We woke on day two to drizzle, cold and generally not the kind of weather you want to get out of a tent for to go cycling for 6/7 hours. Today was 3000 meters of climbing and the rumour mill had us all worried, yesterday was tough but today was more distance and more climbing. We grabbed breakfast in the mess tent and chowed down to as much food as our stomachs could handle we knew we would be calling on all reserves later. The first section of this stage was a flat fast 15k on the road, Bryan spotted a move and we jumped on the gravy train and headed out with the lead group at about 40 clicks an hour, this road would take us away from the Purcell Mountain range of day one to the Rockies proper for day two. The stage profile showed three long, hard climbs. The first climb began directly after exciting the road section; thankfully the initial section was not too bad, more of what we were used to at home i.e. being actually able to cycle the bike as opposed to hiking it. We got to the first check point in reasonable shape. There were generally two or three check points a day and you had to enter these with your partner or suffer a time penalty of one hour. These checkpoints also served as food and water stops. Generally we'd stop for 4/5 mins and munch on fruit, clif bars, fill camel backs, apply chain lube if necessary etc…. we excited the first checkpoint to be greeted with the real hill, this meant about an hour of hike a bike. To make matters worse when we arrived at the most difficult hike a bike section the race had come to a stand still we looked up and saw a long line of cyclists-I should say hikers with bikes on their backs, this was no place for a cyclist!! The leaders had continued up steep section of scree and had missed a turn that, to be fair, was poorly marked, luckily we arrived just in time for the trail to be found and Bryan managed to lead stage two of the trans Rockies for a while!! We continued on to a nice section of technical single-track and then on to another check point before another tough hill section that was both very steep and technical, at this point some of the lost leaders began to pass us. We trudged on for a while and were rewarded with a 10k long section of technical single-track criss-crossing a mountain stream that was great fun! We then hit a logging road and had about 25k to Nipika; we got in time trial mode and tried to get home as quickly as possible. We were hit with a final nasty little climb after 7 odd hours but made it in one piece and since we started the day at 8am, as opposed to 11am on the first day we had a few more hours down time. Nipika our day two destination is a mountain resort literally in the middle of nowhere; it is a fully self sustaining resort and is very proud that all materials they use are recyclable. Check out http://www.nipika.com/ for full details. Here is an extract from the website: The 2000 acre Nipika Mountain Resort brings to life the dream of Lyle & Dianne Wilson to create a unique wilderness haven for outdoor enthusiasts that is in harmony with the Kootenay's spectacular Rocky Mountain setting. As an eco lodge, Nipika generates all its electricity via solar, micro-hydro, and takes pride that its beautiful cabins and lodge are energy self-sufficient. There is a natural emphasis on self-propelled recreation at Nipika. With its 50-kilometre trail network and rivers nearby, the resort beckons visitors to hike, cross country ski, snowshoe, mountain bike, canoe and kayak. We were happy to arrive at Nipika as we knew that we would staying for two days which meant that we didn't have to pack and unpack bags etc and could relax a little more. On top of this Day three was a shorter flatter stage of 50k but was in the form of a two up time trial.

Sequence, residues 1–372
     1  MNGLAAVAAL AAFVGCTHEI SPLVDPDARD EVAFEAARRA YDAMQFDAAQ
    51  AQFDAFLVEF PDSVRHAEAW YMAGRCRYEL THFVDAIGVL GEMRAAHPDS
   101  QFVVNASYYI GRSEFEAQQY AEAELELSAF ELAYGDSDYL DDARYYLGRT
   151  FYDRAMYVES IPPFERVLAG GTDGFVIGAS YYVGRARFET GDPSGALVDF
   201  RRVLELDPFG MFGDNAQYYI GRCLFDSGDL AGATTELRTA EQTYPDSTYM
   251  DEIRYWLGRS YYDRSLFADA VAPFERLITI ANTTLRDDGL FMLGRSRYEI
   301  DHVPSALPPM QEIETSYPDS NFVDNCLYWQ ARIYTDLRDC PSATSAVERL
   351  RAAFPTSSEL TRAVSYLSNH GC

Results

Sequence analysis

Stage 3; Nipika Resort to Nipika Resort Distance; 44.2 km (27 mi) Elevation; 1514 m (4967 ft)
We were up early for the start of our time trial, the race leaders would be going in the afternoon, and this was a blessing as the day turned out to be an absolute roaster. The scenery was spectacular on this stage, the day was beautiful and it was more like what we had pictured in our heads for the Trans Rockies before we had the brutal introduction on day one! The crew in Nipika had pulled out all the stops and there were burgers and beers when you finished along with a guy with his guitar singing old favorites from Bob Dylan to The Eagles to Neil Young, you get the picture, a lot of hippy love. We lasted two beers and about an hour before we were too tired and too hot to stay in the sun, we found some shade and lazed away the afternoon, tomorrow was the longest stage of the event, 110k to Whiteswan Lake. We would be back into the trudge of getting gear packed and ready but we had enjoyed our time in Nipika. Every evening from 8pm the trans Rockies crew would put on a show, firstly the days stage winners would receive their awards, then the overall stage leaders from the different categories (open men, mixed categories etc) would be presented with their jerseys for the next days stage. It was always a big hoo-haa and this distracted us for a while from the next day's torture; however we were quickly reminded when the race trail builder (Al Neal) would arrive to present the next day's stage using Google earth. You were generally left under no illusions as to how tough the next stage was going to be. Lastly they had either a video of the days stage or a set of photos running on a slide show which always picked up the magnificent back drop of the Rocky mountains and you wondered how you ever managed to miss some of the views but no matter where you looked the scenery and sheer raw beauty of the area was breathtaking.